But today in say wow you don't need to approach any other player till you are 80 and once you reach 80 you will probably be bored and or have missed most the fun parts of mmo anyway. I mean why play those glorified single player games with integrated multi player support? I mean even in new expansion of WoW me and my girlfriend got separated because we had progressed a quest at different speeds. she couldn't see me and i her even though geographically we stood beside each other.

Same goes for all those games calling them self mmo nowadays. Nowadays the definition of an MMO game is a lobby server with instanced games. Redicilus.

If the story is about the player then just make a single player game.


The main difference between all these different games "mmos" like wow and aion and games like diablo, cs and a game i would call REAL MMO is that in a real MMO the story isnt prewritten. The Story is ongoing and living, directed, but you can change it. Same goes for the world. Once a uberleet boss is dead he isn't a threat anymore hence he is dead for everyone. The ones who killed him is entwined into the story and the world. through developer updates and acknowledgment from npc's and such in the world. And the world is ever chaning. Creatures migrate lands terraform disasters happened towns destroyed rivers redirected lands and countries ever changing. All this by having the player as a nobody. When you start the game out you are a nobody and unless you choose to take part in the world you will still be a nobody. While the warlords conquering lands and leading armies against foul demons get the attention for their real world skills and leadership. The sage guiding newbies in the starting villages will get well known and respected by their peers long after he stops playing. Regardless the same should support the way you want to play. solo / pk / team / leader / crafter and so on. But the main focus should be that you are a nobody and none cares about you until you have made an effort to get recognized.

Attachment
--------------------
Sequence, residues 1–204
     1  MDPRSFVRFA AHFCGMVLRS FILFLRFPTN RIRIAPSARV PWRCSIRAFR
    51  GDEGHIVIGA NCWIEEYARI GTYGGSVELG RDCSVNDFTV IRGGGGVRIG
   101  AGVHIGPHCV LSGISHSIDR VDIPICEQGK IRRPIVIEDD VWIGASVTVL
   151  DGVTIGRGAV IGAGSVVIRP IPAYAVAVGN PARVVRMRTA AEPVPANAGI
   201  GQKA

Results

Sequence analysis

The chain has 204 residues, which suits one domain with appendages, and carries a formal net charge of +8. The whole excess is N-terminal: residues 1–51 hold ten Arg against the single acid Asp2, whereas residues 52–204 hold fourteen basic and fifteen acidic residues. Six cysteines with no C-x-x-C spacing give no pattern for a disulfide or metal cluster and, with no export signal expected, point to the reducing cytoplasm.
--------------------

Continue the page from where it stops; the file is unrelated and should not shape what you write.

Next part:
Why dosnt any of the number of MMO's we see today really make use of the Presistant world they are blessed with?

So in short
MMOS for me is about exploring and fun. Games should be fun. If a game isnt fun i dont play it.


Sorry for a long and messy post.
-Athos

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Original post by Athos
Hmm to me mmo is part of my life. Since i was introduced to mmos at 98/99 i have only played mmo games.

sunandshadow: Just wondering according to your play style why even bother playing mmo? whats the point. All that you can get from any game with multi-player support.


Please name a few games which deliver all that because I'm not aware of any. But, the essential part is the community, I mean there's no point getting awesome-looking clothes and a mount if no one sees them, there's no point thinking about economics and strategy if you can't discuss them with anyone else. One's roleplay identity within the world means more in the context of other players' shared imaginings, and one's feats of beating a boss, soloing a dungeon, finishing a quest, have meaning in the context that higher level players have done them before you and have nostalgia about it, while lower level players anticipate doing in the future and are impressed that you did it because they can't yet. I like to give tips and help to newbies, and see the interesting possessions higher level players have so I can form the goal of acquiring them myself. I love having other players in the world with me, I just don't want to be forced to fight either alongside them or against them. I like to do things at my own pace, and accomplish feats by myself, not with help.

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Original post by sunandshadow
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Original post by Rahl
If you play an MMORPG, you should group with other people. I find it funny when people whine when there aren't solo features. If you want to play solo, play an RPG.